158 A Guidebook on Transit-Supportive Roadway Strategies software. Appropriate signal timing programs ensure that signal timing parameters are appro- priate over the life of the traffic signal system. While effective signal timing is necessary, it will not automatically sustain a successful signal timing program. A signal timing program includes all aspects of traffic signal implementation, operations, and maintenance consistent with com- munity needs. A successful program requires agency staffing and maintenance funding that is consistent with the level of service planned. Signal timing typically needs to be reviewed and be updated when traffic volumes and patterns change or when community priorities change. The signal timing produced by software largely reflects the system user priorities (generally some version of vehicle delay) built into the software’s signal timing optimization model. These priorities may or may not fit the needs of the actual operating environment or users (including pedestrians, bicycles, and transit). Signal Timing Approach An outcome-based approach to signal timing (summarized in Figure A-1) allows the practitioner to develop signal timing based on the operating environment, users, user priorities by movement, and local operational objectives. Performance measures are then used to assess how well the objectives are being met. Once the objectives and performance measures are established, timing strategies and timing values can be developed. The final steps of the process involve implementa- tion and observation (i.e., determining if the timing strategies and values are working) as well as monitoring and maintenance in order to sustain operations that meet the operational objectives. This process was developed with an understanding that there is not a one-size-fits-all method for signal timing. The approach is described in more detail in NCHRP Report 812: Signal Timing Manual, but brief descriptions of the eight steps in the outcome-based process and associated considerations are provided here. Step 1: Define the Operating Environment Signal timing should reflect the character of the timing location, so the outcome-based approach begins with an assessment of the operating environment. The operating environment Source: NCHRP Report 812: Signal Timing Manual, 2nd Edition (Urbanik et al. 2015). Figure A-1. Signal timing outcome-based process.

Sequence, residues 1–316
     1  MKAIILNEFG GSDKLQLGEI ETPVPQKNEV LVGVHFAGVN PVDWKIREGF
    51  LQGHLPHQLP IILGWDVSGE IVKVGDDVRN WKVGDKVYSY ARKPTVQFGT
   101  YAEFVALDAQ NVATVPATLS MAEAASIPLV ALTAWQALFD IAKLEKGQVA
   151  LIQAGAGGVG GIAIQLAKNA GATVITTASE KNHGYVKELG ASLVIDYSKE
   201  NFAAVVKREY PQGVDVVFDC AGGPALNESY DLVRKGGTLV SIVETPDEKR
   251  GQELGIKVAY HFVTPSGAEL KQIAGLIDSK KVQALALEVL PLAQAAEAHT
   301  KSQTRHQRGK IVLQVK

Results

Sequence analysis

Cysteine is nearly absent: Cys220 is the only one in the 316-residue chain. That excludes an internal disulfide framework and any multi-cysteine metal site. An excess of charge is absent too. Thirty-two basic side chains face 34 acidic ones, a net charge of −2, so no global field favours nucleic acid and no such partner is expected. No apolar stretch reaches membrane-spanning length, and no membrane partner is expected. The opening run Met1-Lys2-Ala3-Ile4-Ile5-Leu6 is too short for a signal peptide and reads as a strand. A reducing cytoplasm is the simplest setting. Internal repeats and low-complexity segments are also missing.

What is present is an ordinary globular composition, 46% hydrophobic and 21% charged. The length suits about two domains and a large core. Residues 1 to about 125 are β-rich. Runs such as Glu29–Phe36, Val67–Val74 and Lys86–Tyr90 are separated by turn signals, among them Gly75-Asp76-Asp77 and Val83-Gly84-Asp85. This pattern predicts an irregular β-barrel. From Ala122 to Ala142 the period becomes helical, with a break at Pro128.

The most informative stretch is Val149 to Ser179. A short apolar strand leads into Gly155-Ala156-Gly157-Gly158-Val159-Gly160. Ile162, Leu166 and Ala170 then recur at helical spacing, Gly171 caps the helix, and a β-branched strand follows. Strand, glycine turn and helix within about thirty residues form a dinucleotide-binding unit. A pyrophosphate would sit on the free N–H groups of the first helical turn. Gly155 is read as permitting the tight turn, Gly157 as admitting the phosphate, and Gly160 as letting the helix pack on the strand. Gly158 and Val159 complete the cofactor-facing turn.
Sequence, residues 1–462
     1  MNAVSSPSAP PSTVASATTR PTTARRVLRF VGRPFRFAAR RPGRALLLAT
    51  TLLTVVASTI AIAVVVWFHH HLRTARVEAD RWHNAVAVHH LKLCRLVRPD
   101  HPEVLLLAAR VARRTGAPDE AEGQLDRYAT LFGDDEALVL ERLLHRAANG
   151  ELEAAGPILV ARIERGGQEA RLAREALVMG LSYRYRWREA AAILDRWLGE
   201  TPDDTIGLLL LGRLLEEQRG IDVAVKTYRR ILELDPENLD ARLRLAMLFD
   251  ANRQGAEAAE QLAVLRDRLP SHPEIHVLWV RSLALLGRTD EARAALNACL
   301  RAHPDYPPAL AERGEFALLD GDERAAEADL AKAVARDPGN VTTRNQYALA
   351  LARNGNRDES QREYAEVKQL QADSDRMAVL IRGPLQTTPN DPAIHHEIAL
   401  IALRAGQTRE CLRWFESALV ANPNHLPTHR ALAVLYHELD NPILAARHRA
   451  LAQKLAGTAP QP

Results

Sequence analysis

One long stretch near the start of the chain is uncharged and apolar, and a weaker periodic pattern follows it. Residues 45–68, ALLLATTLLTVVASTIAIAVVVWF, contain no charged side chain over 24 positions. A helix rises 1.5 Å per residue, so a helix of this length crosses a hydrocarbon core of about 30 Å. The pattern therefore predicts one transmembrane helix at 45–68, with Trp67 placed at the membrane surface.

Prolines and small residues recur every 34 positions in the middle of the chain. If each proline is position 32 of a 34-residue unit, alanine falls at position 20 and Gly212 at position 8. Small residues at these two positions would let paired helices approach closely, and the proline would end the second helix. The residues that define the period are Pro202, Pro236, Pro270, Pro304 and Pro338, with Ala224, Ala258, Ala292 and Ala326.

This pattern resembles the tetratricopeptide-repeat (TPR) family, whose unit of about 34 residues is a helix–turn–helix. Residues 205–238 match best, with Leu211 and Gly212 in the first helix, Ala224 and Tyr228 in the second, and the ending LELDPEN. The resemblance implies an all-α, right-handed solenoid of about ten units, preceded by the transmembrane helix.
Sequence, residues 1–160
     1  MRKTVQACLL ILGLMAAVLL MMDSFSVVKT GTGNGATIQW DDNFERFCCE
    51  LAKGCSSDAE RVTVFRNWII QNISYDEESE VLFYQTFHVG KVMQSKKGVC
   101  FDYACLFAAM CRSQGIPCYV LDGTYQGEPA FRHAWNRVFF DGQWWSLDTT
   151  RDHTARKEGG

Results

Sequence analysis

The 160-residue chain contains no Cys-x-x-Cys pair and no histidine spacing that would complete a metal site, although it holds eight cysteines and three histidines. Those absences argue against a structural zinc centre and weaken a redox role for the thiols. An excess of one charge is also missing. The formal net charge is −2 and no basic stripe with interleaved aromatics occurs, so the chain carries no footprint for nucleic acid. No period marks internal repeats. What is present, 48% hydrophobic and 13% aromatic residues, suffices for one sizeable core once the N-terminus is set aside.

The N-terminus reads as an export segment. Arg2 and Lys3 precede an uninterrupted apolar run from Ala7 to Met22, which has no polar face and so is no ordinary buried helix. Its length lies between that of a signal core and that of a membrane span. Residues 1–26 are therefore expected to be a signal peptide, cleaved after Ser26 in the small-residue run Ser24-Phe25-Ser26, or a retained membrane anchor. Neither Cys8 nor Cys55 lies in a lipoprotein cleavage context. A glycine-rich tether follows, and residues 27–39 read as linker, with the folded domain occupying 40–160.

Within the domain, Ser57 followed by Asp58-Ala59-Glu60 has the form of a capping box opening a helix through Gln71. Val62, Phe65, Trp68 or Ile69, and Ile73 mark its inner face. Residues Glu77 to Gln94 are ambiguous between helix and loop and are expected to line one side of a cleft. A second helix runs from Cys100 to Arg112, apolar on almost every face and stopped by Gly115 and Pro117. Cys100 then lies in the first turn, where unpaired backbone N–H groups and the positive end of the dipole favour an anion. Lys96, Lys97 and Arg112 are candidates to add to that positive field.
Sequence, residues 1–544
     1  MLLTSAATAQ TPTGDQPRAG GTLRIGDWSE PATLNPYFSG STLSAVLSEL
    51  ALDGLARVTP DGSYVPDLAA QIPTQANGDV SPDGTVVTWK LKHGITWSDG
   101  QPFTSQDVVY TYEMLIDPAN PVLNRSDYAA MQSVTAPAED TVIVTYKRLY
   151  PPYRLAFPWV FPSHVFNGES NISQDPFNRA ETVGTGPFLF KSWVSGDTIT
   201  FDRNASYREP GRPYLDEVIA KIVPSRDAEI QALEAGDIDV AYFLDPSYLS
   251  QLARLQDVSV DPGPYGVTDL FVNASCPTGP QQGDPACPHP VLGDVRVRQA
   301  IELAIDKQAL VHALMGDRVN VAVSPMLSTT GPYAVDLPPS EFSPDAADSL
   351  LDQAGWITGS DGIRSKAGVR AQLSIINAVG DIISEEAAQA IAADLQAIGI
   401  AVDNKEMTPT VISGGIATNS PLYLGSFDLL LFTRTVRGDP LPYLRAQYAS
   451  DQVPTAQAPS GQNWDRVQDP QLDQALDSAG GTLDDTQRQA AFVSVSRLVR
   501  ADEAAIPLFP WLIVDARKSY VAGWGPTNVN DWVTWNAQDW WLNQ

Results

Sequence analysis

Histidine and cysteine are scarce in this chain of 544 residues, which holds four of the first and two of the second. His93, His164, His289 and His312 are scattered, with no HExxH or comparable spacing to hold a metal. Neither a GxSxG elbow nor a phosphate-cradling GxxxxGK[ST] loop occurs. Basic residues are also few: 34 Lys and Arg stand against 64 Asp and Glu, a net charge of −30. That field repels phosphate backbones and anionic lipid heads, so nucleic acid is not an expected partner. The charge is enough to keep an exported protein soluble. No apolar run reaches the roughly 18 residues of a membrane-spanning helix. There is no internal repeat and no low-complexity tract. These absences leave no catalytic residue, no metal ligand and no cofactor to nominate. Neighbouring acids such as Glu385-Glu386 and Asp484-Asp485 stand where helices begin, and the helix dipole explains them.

Understanding Traffic Engineering Practice (for Transit Professionals) 159 goes beyond physical location characteristics and includes goals of the local operating agency and its regional stakeholders. Step 2: Identify Users The process continues with the identification of primary users at the focus intersections. This approach allows all users (people on foot, including seniors and persons with disabilities, bicyclists, transit vehicles and passengers, truck drivers, and motorists) to be considered in the signal timing process. This is consistent with the multimodal perspective discussed earlier in this appendix. Step 3: Establish User and Movement Priorities Priorities should reflect the local operating agency and regional stakeholder goals for mobility. Priorities should be established by movement for the primary users by location and time of day. For example, in a central business district, pedestrians might have the highest priority, while in a suburban environment, through-vehicle movements on an arterial might have the highest priority during peak hours and a lower priority off-peak. Step 4: Select Operational Objectives Once priorities are established, the process requires the establishment of operational objectives (e.g., pedestrian safety, vehicle mobility) by location and time of day. Non-vehicle–oriented operational objectives are often more difficult to assess because of their qualitative nature; how- ever, performance measures can be selected for qualitative as well as quantitative assessment. Step 5: Establish Performance Measures Traditional optimization tools generally focus only on simple vehicle-oriented performance measures because they are easy to quantify and, therefore, easy to optimize. However, vehicle stops and delays may be less important than transit and pedestrian performance in a central business dis- trict or other existing or developing areas with significant pedestrian, bicycle, and transit activity. The practitioner needs to make appropriate adjustments to the traffic signal timing process to account for the operating environment and user priorities. Step 6: Develop Timing Strategies and Timing Values Once operational objectives and their associated performance measures have been determined, the process continues with the development of signal timing strategies (such as minimizing cycle length or favoring arterial through traffic) and with the selection of appropriate timing values. The options for signal timing may be restricted by standards or guidance. For example, the MUTCD provides guidance on the pedestrian clearance interval and provides standards for determining the duration of the yellow change interval and red clearance interval (FHWA 2009). Step 7: Implement and Observe The next step is implementing the signal timing values and making final adjustments to the timing parameters based on field observation (since it is important to understand that analytical tools do not capture all the subtleties of actual field conditions). However, it is equally important not to make changes based on a single field observation since traffic characteristics can vary from hour to hour and day to day. Step 8: Monitor and Maintain After implementation, a successful program requires ongoing monitoring and maintenance. Collecting periodic (at least annual) volume data at a midblock location on each arterial or